First of all, you cannot automate user acceptance testing. The clue is in the name. The purpose of user acceptance testing is to give the user confidence that we delivered what they asked for. Since our automated tests are interpretations of those requirements - eevery bit as much as the implementations they're testing - then, if it were my money, I wouldn't settle for "well, the acceptance tests passed". I'd want to see those tests being executed with my own eyes. Indeed, I'd wanted to execute them myself, with my own hands.
So we don't automate acceptance tests to get user acceptance. We automate acceptance tests so we can cheaply and effectively re-test the software in case a change we've made has broken something that was previously working. They're automated regression tests.
The worry that the sum total of our unit tests might deviate from what the users really expected is mitigated by having them manually execute the acceptance tests themselves. If the software passes all of their acceptance tests AND passes all of the unit tests, and that's backed up by high unit test assurance - i.e., it is very unlikely that the software could be broken from the user's perspsctive without any unit tests failing - then I'm okay with that.
So I still have user acceptance test scripts - "executable specifications" - but I rely much more on unit tests for ongoing regression testing, because they're faster, cheaper and more useful in pinpointing failures.
I still happily rely on tools like Fitnesses to capture users' test data and specific examples, but the fixtures I write underneath very rarely operate at a system level.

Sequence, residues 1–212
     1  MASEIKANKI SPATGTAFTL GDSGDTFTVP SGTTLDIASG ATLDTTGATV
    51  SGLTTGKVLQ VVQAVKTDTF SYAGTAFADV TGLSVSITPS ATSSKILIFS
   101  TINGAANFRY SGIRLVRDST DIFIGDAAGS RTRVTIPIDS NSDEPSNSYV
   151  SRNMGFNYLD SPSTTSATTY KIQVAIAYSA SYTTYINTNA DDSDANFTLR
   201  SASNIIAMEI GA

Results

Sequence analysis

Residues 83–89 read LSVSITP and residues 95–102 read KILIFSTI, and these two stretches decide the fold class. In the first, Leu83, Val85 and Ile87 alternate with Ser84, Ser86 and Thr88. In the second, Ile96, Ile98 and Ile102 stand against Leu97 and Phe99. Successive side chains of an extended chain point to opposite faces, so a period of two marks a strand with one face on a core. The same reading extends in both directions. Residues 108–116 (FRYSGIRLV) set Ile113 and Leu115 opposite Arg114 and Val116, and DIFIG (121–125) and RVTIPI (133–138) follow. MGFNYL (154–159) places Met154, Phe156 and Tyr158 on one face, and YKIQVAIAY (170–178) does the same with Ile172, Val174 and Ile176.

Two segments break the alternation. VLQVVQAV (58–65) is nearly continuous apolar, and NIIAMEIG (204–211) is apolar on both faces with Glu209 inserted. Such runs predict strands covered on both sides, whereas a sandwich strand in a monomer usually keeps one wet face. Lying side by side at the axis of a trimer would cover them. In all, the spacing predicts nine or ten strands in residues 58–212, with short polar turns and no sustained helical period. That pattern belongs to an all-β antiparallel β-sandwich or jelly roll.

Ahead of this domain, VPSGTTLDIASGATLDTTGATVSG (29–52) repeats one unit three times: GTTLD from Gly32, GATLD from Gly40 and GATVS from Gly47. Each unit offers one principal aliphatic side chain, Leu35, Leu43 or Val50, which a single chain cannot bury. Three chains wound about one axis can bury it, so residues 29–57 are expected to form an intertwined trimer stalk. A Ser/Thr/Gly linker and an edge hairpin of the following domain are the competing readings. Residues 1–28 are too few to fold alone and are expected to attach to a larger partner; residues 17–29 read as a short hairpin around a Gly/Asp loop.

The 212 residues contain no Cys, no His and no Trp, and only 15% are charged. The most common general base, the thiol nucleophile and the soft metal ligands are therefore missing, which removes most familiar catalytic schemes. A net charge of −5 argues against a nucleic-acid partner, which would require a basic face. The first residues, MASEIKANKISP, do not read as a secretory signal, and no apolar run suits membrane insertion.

And I still write end-to-end tests to check that the whole thing is wired together correctly and to flush out configuration and other issues. But they don't check logic. They just the engine runs when you turn the key in the ignition.
But typically I end up with a peppering of these heavyweight end-to-end tests, a feathering of tests that are specifically about display and user interaction logic, and the rest of the automated testing iceberg is under the water in the form of fast-running unit tests, many of which use example data and ask questions gleaned from the acceptance tests. Because that is how I do design. I design objects directly to do the work to pass the acceptance tests. It's not by sheer happenstance that they pass.
And if you simply cannot let go of the notion that you must start by writing an automated acceptance test and drive downwards from there, might I suggest that as new objects emerge in your design, you refactor the test assertions downwards also and push them into new tests that sit close to those new objects, so that eventually you end up with tests that only have one reason to fail?
Refactorings are supposed to be behaviour-preserving, so - if you're a disciplined refactorer - you should end up with a cluster of unit tests that are logically directly equivalent to the original high-level acceptance test.
There. I've said it.
Posted 4 years, 1 month ago on July 16, 2014